Edmondson’s unexpected collection includes a collapsible guitar stand—made of sustainably forested ash or walnut wood—that would satisfy Jimi Hendrix, and the tube-like Arches bench, which looks like something the Jetsons would recline on. Plus, it’s all crafted in the USA: Upholstered items are bench-made in the furniture-opolis of High Point, North Carolina; larger pieces, in Minnesota, and the smaller pieces and lighting are assembled and finished in Edmondson’s home studio in the Whittier neighborhood.
3. The Maker: Objeti
“I come from a family of makers and entrepreneurs,” says Joseph Ribic, founder of Objeti. He’s not kidding about his hands-on inheritance. His father founded a precision aerospace manufacturing company (in layman’s terms: he made engine parts from superalloys) after moving from Slovenia to Ohio in 1970. So when Denver-based Ribic created his first furniture collection—which he unveiled at ICFF in 2010—he took inspiration from his roots. “The name Objeti is derived from the Slovenian word for ‘embrace,’ ” he says—a nod to the brand’s signature union of form and function.
Ribic’s boutique design studio caters to architects and designers in search of modernist custom pieces and projects; recent work for restaurants has included walnut spindle chairs with candy-red legs, and fluted and distressed bar stools. “The furniture designer Charlotte Perriand [1903-1999], who worked closely with Corbusier, [has] a huge influence [on my work],” Ribic says.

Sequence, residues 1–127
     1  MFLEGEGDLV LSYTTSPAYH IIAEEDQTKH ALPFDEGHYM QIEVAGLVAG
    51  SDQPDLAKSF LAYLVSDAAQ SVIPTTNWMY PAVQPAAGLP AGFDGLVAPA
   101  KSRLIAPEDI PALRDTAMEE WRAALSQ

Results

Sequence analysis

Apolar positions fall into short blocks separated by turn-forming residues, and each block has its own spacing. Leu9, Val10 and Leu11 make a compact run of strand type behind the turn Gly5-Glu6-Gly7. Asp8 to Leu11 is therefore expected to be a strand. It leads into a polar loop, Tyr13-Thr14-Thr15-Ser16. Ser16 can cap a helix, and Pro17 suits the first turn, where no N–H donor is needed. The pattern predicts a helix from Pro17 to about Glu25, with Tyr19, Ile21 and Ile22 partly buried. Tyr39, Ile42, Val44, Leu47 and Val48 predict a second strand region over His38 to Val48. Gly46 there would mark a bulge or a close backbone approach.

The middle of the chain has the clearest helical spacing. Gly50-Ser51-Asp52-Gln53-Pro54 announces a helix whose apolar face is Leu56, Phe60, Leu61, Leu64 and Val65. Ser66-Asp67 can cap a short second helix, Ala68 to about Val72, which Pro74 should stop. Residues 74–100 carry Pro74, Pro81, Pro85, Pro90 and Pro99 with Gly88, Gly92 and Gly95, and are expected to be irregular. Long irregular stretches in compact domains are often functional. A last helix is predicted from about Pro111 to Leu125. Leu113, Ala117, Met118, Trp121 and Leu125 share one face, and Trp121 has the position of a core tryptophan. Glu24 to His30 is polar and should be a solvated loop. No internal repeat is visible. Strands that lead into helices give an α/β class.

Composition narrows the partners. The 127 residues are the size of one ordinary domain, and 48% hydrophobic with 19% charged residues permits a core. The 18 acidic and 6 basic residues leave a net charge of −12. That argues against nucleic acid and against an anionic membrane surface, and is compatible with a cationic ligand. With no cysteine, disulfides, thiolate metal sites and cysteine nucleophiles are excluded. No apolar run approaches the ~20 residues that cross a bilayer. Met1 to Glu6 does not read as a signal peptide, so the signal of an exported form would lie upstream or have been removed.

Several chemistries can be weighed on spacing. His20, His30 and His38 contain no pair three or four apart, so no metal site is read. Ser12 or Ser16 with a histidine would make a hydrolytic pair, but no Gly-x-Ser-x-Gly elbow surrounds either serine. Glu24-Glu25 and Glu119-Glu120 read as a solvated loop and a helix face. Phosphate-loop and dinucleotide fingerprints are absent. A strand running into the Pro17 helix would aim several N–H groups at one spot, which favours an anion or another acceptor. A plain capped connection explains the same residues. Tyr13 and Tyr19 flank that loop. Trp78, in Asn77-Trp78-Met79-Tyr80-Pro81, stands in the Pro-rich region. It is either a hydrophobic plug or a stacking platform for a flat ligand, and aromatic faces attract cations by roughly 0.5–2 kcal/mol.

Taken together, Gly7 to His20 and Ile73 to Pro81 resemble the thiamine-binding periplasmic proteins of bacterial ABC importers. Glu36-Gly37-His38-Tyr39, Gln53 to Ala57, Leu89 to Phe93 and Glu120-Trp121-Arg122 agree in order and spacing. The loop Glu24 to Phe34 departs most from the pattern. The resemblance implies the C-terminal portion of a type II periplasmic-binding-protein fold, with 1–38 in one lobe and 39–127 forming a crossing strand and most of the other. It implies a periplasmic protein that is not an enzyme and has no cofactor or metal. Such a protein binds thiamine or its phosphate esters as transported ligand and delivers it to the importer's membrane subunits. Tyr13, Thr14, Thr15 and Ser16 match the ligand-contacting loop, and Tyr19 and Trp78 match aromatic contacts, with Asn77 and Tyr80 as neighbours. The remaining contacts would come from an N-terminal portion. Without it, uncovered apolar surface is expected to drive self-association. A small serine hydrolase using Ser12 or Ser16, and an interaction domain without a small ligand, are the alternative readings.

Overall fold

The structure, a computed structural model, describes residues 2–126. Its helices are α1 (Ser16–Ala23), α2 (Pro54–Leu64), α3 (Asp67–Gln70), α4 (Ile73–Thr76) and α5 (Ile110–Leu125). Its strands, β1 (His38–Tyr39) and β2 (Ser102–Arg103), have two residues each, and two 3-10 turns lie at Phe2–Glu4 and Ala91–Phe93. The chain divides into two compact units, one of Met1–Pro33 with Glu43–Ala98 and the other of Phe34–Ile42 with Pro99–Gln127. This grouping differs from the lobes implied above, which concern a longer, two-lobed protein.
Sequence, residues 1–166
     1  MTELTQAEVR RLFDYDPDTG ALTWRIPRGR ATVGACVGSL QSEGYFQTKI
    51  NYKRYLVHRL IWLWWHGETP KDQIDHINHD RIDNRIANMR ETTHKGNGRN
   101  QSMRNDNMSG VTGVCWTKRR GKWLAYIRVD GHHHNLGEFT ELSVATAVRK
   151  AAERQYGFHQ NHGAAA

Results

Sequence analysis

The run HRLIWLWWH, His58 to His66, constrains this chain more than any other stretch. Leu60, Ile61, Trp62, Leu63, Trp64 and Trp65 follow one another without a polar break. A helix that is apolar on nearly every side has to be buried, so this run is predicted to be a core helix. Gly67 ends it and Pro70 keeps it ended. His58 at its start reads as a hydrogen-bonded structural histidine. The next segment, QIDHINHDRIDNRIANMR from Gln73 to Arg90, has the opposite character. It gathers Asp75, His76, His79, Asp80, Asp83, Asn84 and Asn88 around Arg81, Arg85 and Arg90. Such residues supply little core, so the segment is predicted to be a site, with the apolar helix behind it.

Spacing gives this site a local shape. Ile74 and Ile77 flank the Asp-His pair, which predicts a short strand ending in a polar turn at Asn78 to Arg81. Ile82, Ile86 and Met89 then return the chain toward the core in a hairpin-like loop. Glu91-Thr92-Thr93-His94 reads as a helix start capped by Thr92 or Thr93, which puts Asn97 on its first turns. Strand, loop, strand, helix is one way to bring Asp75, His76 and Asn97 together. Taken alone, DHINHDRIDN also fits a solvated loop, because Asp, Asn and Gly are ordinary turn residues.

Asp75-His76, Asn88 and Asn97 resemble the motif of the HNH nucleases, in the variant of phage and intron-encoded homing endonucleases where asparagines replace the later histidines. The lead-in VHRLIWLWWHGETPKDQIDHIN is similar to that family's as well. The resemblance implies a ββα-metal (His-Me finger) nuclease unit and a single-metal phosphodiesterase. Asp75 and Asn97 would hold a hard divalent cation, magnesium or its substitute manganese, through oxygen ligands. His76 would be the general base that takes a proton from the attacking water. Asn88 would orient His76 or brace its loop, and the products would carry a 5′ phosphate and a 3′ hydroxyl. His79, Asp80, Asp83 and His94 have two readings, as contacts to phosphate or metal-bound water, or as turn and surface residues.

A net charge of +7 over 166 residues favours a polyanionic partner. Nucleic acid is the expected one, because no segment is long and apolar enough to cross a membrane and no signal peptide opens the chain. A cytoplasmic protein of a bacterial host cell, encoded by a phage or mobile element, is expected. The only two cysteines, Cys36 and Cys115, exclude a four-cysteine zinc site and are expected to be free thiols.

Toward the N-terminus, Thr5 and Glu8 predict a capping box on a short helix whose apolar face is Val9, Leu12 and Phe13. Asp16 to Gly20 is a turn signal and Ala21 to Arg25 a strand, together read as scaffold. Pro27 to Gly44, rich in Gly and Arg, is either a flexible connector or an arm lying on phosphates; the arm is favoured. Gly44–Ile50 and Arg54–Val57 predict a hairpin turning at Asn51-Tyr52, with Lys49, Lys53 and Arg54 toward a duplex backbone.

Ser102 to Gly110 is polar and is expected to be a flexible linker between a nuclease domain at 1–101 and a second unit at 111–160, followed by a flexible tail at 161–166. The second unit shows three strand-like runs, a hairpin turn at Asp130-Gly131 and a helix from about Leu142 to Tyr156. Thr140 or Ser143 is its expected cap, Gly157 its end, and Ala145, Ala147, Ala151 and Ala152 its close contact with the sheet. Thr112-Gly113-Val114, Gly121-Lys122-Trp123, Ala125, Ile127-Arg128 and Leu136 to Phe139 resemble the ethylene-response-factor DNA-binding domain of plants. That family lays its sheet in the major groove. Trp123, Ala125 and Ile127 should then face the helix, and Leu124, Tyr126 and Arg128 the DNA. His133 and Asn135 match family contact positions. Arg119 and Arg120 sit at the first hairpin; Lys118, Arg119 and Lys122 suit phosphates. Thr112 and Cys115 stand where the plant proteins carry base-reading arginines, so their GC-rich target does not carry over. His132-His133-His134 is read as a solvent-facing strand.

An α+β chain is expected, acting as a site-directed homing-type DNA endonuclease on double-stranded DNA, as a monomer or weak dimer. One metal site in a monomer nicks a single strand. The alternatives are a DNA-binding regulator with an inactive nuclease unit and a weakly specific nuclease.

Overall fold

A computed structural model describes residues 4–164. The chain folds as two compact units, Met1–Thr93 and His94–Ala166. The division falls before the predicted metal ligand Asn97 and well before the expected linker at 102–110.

Objeti fabricates its wares in-house and partners with artisans around the globe—think Amish woodworkers in Ohio, alabaster sculptors in Volterra, Italy, and even a Turkish fez-hat-maker who crafts Objeti’s Soft Tools pendant lamps, which feature white wool interiors and fez-burgundy shades.
Ribic’s next venture, Fiction, launches in August and will bring products including modular bookshelves and powder-coated sheet-metal bookends to the masses. (Objeti will keep these products in stock for quick delivery.) “Ultimately, I want to create conversations through products,” Ribic says. “My goal is to entice people into needing to find out more about my designs. And I hope the owners of each piece are so infatuated with it that they have a sentimental story about how they found it or why they bought it.”
4. The Dream Team: DoubleButter
David Larabee and Dexter Thornton are like the PB&J of Denver’s design scene—better together. “We each had our own scuffling furniture companies in Denver when we hooked up in 2006 for a show at the now-defunct and sorely missed P Design Gallery in RiNo,” says Larabee, a self-taught artisan who entered the field after “many trials, many errors.” Thornton holds an industrial-design degree with a focus on furniture from Brooklyn’s Pratt Institute. “We both needed a change and a partner,” Larabee says. “Someone to encourage the good ideas and to kill the bad ones early; someone to help carry the really heavy things.”
So the design duo founded DoubleButter, an outfit that makes all of its midcentury-inspired furniture designs in Denver and is now so beloved, the Denver Art Museum added two of its chairs—including the Roadrunner, made of oiled medium-density fiberboard—to its permanent collection. “It’s pretty clear, or at least we think it is, that we’ve got a deep respect for the midcentury design gods—the Eameses and Prouvé and Poul Kjærholm and on and on,” Larabee says. “And, of course, contemporary artists and designers too, like Piet Hein Eek and Tom Sachs.” One of DoubleButter’s newest offerings, the Grasshopper rocker, is made from recycled steel that can be powder-coated in a rainbow of VOC-free finishes.